I didn't want to write "Survival of the Slickest".
The research, analysis, and writing were emotionally draining because of a convoluted legal system that had no relationship to my perceptions of its purpose.
I didn't want to devote my valuable time and money to promote the truth about citizen abuse in return for expected citizen apathy. I didn't want to face the probable attacks from a group of businessmen who I was trying to put back on track. There was no logical reason to take my valuable time away from other activities that I considered more constructive and more interesting.
But I could not justify the costly risks that would be required to continue pursuing my lifelong goals. There would be no guarantee that the legal trade would leave me alone long enough to enjoy the fruits of success that might result from my continued labors and dreams.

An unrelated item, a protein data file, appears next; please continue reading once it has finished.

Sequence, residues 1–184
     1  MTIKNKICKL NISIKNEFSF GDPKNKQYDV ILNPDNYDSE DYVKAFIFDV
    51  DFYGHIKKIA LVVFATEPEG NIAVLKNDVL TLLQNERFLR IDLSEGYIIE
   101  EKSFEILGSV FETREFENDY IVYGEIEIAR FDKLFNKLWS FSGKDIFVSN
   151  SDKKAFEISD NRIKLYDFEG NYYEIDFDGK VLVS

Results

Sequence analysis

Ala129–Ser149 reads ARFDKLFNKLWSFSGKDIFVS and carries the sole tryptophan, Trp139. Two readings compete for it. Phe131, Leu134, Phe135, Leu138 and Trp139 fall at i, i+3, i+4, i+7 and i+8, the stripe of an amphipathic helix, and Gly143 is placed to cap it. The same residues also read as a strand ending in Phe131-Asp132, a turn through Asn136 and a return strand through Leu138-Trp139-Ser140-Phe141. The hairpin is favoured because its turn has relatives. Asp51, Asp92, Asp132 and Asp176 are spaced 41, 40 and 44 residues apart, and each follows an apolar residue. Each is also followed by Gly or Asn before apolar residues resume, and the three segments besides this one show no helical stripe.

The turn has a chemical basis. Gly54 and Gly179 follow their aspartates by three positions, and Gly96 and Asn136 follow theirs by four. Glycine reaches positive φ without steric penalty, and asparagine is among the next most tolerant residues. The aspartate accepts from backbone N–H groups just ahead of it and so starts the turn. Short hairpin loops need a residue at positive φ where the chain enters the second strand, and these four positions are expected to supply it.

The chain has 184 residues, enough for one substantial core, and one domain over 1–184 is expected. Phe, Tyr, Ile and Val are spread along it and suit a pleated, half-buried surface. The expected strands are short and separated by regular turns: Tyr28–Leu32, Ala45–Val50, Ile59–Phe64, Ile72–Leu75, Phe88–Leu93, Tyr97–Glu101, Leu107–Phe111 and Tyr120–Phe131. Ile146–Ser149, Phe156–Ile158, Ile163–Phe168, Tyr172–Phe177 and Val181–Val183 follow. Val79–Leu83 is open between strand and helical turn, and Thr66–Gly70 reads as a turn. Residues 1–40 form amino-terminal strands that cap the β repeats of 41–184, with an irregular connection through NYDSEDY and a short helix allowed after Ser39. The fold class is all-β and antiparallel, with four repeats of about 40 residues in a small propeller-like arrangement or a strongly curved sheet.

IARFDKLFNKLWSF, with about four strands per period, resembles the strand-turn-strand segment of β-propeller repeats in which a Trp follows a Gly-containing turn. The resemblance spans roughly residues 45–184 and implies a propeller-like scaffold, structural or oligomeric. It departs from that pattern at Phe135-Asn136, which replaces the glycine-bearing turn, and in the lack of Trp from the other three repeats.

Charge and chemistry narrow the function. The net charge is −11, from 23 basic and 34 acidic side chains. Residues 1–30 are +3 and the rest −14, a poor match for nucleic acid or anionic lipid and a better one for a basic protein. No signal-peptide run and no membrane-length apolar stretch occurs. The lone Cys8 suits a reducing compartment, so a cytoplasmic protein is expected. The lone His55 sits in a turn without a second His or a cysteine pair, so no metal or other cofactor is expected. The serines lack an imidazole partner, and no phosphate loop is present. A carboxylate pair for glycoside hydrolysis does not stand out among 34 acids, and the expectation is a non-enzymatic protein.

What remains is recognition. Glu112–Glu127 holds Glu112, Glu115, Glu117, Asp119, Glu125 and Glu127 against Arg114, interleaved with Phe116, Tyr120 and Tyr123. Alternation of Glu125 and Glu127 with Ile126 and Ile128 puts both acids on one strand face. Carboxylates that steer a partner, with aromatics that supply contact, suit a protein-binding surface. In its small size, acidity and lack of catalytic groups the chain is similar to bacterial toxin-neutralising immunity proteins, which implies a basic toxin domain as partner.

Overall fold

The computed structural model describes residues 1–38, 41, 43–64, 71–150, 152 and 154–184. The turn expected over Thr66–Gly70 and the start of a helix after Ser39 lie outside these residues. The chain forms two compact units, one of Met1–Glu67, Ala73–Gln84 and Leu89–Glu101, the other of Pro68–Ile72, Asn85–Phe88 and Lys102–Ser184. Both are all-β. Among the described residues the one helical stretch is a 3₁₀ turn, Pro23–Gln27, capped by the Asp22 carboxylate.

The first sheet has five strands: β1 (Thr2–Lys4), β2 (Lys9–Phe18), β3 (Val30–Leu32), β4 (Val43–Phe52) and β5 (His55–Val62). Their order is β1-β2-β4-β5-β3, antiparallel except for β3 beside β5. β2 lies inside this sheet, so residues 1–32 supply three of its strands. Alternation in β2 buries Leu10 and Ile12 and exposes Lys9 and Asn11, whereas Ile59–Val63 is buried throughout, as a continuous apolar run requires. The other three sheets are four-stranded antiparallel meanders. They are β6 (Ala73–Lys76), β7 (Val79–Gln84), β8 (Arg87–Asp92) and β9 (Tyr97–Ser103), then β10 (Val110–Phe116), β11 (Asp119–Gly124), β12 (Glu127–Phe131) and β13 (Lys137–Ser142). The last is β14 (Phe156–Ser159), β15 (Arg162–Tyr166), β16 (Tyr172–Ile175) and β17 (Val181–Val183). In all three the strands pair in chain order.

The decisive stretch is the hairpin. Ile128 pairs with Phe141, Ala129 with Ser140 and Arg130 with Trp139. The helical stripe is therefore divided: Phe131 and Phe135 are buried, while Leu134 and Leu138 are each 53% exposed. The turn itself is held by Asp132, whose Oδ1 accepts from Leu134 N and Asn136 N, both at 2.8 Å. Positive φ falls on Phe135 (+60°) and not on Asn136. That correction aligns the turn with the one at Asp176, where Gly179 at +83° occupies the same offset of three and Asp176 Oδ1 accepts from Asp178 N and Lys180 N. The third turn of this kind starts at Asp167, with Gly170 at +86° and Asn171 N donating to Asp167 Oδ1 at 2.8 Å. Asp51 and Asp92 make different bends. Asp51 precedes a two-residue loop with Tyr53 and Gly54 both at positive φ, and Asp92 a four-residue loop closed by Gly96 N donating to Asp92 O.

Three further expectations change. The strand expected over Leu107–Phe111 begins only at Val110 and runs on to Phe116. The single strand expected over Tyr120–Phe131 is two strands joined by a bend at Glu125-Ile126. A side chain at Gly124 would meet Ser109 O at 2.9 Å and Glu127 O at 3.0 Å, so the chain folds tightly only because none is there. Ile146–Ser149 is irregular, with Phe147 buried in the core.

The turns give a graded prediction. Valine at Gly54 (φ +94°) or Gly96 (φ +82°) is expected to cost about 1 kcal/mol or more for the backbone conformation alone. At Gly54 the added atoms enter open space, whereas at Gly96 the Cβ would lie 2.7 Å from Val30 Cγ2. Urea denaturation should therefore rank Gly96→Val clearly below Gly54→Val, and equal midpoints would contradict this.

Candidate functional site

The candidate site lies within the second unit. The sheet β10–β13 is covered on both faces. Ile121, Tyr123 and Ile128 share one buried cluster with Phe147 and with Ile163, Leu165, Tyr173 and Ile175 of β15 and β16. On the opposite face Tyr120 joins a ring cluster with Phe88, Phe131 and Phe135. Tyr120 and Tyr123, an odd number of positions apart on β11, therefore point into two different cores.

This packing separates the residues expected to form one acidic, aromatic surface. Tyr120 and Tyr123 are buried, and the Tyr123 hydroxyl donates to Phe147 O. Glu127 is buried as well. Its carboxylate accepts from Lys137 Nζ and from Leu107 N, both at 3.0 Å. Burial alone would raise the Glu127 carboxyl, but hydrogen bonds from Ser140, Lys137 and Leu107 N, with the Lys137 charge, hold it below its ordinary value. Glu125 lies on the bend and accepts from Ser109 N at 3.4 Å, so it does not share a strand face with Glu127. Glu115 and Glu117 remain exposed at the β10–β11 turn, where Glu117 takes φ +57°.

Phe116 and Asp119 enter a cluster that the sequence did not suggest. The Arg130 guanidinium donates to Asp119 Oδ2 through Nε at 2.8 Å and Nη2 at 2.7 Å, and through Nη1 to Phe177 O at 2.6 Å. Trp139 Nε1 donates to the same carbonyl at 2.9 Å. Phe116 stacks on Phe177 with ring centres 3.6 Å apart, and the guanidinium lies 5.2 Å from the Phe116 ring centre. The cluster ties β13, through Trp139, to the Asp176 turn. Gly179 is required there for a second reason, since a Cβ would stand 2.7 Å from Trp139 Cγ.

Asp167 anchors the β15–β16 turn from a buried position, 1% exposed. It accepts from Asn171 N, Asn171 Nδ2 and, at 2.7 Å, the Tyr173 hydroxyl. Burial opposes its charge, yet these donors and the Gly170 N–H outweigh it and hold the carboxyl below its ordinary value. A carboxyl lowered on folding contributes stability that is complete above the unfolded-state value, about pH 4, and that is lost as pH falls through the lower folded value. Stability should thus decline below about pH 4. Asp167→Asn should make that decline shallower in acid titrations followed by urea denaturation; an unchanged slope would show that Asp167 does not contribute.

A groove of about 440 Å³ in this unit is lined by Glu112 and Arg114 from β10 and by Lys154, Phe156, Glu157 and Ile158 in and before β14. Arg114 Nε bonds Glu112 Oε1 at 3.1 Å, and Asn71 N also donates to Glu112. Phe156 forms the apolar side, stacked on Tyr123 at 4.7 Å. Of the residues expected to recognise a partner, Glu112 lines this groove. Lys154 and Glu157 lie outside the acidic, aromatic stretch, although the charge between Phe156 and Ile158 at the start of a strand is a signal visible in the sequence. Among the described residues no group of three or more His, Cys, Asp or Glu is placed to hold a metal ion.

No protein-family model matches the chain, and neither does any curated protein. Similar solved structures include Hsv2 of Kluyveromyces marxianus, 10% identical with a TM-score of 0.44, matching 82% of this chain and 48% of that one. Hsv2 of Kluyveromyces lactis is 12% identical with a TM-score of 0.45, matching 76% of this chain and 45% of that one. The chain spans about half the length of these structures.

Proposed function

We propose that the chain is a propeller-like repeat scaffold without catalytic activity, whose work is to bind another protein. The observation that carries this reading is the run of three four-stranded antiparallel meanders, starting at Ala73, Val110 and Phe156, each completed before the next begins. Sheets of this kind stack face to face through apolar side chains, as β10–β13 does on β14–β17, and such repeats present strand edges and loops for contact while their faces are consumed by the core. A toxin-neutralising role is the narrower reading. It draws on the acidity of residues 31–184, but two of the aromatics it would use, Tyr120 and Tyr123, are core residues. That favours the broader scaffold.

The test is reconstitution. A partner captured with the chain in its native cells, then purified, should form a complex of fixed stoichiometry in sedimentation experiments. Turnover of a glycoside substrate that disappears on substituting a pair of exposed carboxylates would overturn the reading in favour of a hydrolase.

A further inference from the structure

It would be more productive to warn the consumer public. The legal trade has institutionalized their anti-American business practices without any serious challenges, even while many individuals and groups provide unwarranted praise for an illusion of justice that makes this profession respectable.
Politicians who are supposed to be representative watchdogs ignore any serious attempts to solve the real problems because they have more important goals. They must concentrate on attracting large sums of money to pay for thier valuable campaigns. When they go to work, they work with the legal trade that helps keep them in business.
Anyone who does not want to face these truths will hate "Survival of the Slickest". That's OK, because these people have no value to society.